Some may be disillusioned with big data, but venture capital firm Accel Partners believes a new class of software could help deliver on its promise.
Accel on Tuesday announced it's allocating $100m to its Big Data Fund 2, a sequel to its 2011 fund aimed at startups building "data driven software" (DDS).
Accel said it will invest in companies that make it easier for line of business users like sales, HR and IT managers to exploit big data technologies rather than just data scientists, which are in short supply.
A company Accel thinks fits the profile is RelateIQ, which recently raised $29m from the company, Allen & Co, Battery Ventures and Facebook co-founder Dustin Moskovitz. The CRM product doesn't rely on manual data entry and instead automatically captures data from email, calls, calendars and social networks to generate a real time account of relationships.
Other similar investments it points to include Cloudera, Couchbase, Lookout, Nimble Storage, Opower, Prismatic, QlikTech, Sumo Logic, and Trifacta.
The new class of DDS software includes the "last mile" of big data that allows smaller companies to follow the big data lead of the likes of Google, Amazon and Facebook, which actually have the resources to exploit big data platforms like Hadoop.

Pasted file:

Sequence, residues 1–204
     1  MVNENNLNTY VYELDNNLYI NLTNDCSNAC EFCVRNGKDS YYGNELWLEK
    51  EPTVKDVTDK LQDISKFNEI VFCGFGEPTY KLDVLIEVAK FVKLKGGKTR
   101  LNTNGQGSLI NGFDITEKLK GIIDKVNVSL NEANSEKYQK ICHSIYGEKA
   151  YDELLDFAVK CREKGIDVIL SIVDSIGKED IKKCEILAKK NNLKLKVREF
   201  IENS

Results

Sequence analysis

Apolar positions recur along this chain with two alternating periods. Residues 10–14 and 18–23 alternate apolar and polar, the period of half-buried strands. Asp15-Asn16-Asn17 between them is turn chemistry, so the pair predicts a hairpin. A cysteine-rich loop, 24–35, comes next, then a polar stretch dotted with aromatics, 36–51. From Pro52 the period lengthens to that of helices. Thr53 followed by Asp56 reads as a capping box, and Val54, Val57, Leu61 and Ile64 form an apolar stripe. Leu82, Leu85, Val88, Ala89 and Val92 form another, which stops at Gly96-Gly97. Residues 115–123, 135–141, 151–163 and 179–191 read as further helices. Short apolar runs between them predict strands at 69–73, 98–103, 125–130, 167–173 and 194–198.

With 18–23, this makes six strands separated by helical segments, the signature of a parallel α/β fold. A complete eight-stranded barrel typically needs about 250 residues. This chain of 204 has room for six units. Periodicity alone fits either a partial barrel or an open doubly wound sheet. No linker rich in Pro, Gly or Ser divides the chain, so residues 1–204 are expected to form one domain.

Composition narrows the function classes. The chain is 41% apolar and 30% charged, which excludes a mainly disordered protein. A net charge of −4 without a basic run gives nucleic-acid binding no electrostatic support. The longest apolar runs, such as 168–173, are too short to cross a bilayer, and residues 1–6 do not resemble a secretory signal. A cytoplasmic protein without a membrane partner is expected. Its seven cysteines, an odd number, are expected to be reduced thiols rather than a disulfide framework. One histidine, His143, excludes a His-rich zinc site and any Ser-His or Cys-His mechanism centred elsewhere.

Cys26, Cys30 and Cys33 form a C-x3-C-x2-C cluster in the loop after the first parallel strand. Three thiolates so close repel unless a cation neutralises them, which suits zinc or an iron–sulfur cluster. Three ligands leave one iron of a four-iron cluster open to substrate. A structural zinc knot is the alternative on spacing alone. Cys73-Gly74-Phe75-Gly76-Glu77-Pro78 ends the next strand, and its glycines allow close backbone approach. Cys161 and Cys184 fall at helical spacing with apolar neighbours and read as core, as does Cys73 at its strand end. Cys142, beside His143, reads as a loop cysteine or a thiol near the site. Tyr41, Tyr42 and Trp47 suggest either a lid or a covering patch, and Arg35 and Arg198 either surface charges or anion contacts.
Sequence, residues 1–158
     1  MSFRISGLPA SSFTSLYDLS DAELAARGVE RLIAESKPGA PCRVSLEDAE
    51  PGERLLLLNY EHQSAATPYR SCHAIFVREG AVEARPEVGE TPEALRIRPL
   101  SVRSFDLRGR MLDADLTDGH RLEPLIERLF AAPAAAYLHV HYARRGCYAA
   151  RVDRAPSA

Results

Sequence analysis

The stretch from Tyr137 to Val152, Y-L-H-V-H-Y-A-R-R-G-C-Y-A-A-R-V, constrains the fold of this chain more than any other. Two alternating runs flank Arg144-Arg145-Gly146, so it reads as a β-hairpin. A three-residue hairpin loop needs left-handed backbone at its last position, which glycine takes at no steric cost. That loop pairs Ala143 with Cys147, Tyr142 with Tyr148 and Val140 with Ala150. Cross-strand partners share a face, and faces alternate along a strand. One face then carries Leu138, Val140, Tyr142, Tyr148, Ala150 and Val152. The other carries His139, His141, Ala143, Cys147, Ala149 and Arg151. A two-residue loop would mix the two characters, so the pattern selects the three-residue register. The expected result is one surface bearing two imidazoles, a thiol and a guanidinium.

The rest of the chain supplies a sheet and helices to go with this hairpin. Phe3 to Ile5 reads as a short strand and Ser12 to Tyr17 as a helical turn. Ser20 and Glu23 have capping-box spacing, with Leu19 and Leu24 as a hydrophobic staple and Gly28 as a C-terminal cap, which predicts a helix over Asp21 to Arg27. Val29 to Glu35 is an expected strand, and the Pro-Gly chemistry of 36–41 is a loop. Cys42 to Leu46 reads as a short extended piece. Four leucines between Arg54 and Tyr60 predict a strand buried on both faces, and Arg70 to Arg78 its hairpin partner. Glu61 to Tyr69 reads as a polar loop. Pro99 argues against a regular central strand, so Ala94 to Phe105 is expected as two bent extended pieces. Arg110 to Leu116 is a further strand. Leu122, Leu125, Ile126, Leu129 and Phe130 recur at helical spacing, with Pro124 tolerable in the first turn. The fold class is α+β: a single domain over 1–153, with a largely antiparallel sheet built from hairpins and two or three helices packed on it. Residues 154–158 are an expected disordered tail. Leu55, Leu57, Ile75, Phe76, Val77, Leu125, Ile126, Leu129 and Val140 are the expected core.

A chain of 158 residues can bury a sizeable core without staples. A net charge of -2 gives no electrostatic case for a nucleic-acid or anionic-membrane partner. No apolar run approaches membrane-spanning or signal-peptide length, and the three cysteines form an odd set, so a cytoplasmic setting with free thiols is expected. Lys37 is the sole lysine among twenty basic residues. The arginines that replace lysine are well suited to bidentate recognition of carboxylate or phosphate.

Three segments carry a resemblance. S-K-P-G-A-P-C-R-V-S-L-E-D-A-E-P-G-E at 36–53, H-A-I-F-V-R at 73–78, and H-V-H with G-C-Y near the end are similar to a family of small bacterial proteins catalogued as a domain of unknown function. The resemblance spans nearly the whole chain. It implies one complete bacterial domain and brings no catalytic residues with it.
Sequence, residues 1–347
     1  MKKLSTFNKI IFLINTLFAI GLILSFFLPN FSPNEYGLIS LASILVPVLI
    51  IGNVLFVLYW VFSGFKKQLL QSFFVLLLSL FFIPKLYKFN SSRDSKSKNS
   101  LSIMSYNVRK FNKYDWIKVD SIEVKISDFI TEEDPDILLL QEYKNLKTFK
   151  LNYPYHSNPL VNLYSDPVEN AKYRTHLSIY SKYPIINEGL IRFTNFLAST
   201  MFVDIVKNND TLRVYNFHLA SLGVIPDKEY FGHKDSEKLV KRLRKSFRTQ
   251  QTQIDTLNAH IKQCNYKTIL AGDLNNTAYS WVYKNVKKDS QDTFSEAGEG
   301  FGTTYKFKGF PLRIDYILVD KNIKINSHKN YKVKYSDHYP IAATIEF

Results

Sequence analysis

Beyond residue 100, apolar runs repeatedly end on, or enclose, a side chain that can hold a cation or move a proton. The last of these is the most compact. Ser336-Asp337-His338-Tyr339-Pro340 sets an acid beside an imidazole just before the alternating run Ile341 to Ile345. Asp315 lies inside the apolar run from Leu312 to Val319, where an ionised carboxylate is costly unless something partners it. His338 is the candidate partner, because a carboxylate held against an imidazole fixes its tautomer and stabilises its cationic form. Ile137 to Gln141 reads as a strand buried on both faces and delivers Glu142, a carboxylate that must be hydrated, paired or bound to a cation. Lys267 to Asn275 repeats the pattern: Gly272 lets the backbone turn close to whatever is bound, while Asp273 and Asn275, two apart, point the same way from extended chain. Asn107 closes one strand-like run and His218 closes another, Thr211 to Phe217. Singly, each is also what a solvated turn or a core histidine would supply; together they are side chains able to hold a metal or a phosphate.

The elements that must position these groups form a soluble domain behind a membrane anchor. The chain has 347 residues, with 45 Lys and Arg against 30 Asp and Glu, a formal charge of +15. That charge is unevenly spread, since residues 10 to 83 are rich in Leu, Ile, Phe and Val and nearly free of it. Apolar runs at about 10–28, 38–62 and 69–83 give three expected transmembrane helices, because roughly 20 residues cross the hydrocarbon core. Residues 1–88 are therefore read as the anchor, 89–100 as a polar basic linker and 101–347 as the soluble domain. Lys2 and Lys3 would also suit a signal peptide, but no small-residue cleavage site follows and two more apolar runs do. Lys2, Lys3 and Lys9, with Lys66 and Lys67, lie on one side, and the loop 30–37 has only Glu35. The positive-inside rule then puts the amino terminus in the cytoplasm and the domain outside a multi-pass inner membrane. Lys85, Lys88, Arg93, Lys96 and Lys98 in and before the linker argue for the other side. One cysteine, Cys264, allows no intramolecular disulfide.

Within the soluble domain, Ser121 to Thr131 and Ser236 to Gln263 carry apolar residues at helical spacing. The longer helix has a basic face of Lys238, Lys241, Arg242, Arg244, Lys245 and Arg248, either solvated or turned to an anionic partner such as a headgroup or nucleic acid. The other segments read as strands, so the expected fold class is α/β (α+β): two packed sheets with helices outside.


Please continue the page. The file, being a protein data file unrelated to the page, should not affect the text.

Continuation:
"While the rest of the world can now leverage the platform infrastructure software, few companies have the internal resources required to build these last mile applications in house. There are not nearly enough analysts and data scientists to meet this demand and only so many can be trained each year. Software is a far more scalable solution," Accel notes in a recent whitepaper.
Earlier this year analyst firm Gartner research director Svetlana Sicular noted that clients using Hadoop were becoming disillusioned with outcomes after having linked together multiple sets of unstructured data. Difficulties included framing the right question, selecting which of many questions to ask, and how to reliably answer the question.
According to Jay Parikh, vice president of infrastructure engineering at Facebook and a member of Accel's Big Data Advisory Council, last mile big data technologies should aim to address these issues.
"The last mile of big data will be built by a new class of software applications that enable everyday users to get real value out of all the data being created," said Parikh.
"Today's entrepreneurs are now able to innovate on top of a technology stack that has grown increasingly powerful in the last few years – enabling product and analytical experiences that are more personalized and more valuable than ever."